Online sexual activity can involve various activities, such as viewing explicitly sexual materials, participating in an exchange of ideas about sex, exchanging sexual messages, and online interactions with at least one other person with the intention of becoming sexually aroused.
In his stimulating paper, "Chatting Is Not Cheating," John Portmann defends online lust and characterizes about sex; he maintains that such talking is more similar to flirting than to having a sexual affair.
These people believe that if they do not even know the real name of their cybermate—and never actually see them—their affair cannot be regarded as from a moral point of view; it's no different from reading a novel or other form of entertainment.
I feel very disgusted by it, and I'm very doubtful about our relationship to keep building up. Maybe somebody is going thru the same and would like to exchange a few stories etc. (3) (a) If it bothers you what she did on her own time - leave. (b) Get it on and see if she'll do some pole dancing for you.Since she has this desires for people that are not just random on the online world, but they are actually people she knows or met in person. (4) You sound very possessive - that's never a good thing.Time spent in that world can help them their actual world, while not giving up on having exciting, even emotional experiences.Living within the two worlds is not easy, however, and may become increasingly risky when people do not realize the limitations of each.Nevertheless, since online affairs are real they do often cause actual harm to one's primary, offline romantic relationship.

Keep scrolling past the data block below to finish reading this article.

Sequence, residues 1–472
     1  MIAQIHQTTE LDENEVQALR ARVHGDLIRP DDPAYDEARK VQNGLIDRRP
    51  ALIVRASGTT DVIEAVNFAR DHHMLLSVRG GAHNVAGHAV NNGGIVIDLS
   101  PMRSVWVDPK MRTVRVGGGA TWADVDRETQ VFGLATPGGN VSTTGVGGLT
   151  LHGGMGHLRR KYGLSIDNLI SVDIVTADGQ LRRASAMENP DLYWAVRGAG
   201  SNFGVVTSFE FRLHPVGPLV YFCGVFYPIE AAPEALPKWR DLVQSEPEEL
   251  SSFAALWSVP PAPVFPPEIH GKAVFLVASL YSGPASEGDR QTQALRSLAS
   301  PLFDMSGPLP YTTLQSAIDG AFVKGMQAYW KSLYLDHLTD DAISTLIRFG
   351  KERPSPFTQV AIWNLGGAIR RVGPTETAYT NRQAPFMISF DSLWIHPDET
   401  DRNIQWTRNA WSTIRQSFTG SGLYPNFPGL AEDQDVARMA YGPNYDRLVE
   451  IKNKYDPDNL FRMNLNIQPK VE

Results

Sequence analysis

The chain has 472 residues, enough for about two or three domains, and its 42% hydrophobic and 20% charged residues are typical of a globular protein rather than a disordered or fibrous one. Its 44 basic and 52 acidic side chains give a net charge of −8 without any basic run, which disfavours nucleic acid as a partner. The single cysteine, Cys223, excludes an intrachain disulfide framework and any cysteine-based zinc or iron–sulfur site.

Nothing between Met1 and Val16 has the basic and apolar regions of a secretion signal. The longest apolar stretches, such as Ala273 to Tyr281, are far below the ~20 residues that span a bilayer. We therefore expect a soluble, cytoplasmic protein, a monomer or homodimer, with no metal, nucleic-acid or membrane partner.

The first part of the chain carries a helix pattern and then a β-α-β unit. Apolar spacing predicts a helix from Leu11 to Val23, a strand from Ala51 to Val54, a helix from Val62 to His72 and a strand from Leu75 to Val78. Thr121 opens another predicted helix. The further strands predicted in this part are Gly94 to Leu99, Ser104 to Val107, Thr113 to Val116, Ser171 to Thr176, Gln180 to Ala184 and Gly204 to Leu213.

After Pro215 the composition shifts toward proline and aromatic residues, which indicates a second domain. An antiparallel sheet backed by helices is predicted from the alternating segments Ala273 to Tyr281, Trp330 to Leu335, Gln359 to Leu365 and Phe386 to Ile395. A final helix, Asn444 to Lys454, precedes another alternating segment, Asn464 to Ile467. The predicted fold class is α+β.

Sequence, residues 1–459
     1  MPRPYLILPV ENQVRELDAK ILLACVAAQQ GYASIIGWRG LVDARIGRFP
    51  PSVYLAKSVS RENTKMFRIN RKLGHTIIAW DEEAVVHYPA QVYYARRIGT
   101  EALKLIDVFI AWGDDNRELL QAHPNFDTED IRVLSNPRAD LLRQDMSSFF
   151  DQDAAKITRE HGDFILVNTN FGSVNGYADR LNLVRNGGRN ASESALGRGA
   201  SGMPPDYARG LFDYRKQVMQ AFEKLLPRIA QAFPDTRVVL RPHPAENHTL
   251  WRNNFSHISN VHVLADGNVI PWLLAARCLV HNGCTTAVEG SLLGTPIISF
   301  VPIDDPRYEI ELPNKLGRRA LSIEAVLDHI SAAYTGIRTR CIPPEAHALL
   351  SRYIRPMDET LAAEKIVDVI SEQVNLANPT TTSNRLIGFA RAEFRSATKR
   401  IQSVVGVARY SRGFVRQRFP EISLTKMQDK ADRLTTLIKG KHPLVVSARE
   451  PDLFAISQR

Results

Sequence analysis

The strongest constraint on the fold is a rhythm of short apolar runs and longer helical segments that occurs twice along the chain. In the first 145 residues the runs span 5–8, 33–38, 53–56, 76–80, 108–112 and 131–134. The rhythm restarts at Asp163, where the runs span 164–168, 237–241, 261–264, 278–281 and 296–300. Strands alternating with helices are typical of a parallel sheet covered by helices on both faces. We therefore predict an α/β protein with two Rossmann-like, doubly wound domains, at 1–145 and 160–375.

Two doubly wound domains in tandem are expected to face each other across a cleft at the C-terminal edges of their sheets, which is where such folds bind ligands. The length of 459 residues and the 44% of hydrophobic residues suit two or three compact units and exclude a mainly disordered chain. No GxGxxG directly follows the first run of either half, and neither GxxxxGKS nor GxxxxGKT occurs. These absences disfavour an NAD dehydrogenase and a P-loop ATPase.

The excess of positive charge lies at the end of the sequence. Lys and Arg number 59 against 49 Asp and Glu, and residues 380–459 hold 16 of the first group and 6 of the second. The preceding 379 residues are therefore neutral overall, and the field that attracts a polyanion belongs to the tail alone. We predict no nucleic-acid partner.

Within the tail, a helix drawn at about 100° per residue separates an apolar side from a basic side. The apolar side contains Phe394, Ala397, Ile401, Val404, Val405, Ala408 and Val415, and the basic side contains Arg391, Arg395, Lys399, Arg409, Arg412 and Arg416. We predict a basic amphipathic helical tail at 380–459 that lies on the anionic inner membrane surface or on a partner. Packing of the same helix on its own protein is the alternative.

Accordingly, many people will be just as disturbed about a partner's online sexual affairs as they would be if they discovered that their spouse was exchanging steamy love letters with someone else.
Consider this reaction: Just as casual sex is not necessarily inherently harmful, neither are online affairs.
But they may be so when participants are also involved in another primary offline relationship, because of the harm imposed on those partners.
In reality, though, the issue of online cheating is more complex—especially when it concerns sexual activities involving actual interaction with other individuals.
People, consciously or not, consider their online sexual relationships as real—they experience psychological states similar to those typically elicited by offline relationships.
Thus, people may agree not to develop a relationship, permitting themselves only virtual one-night stands, or an uncommitted affair, or a promise with a partner to tell each other about each online affair.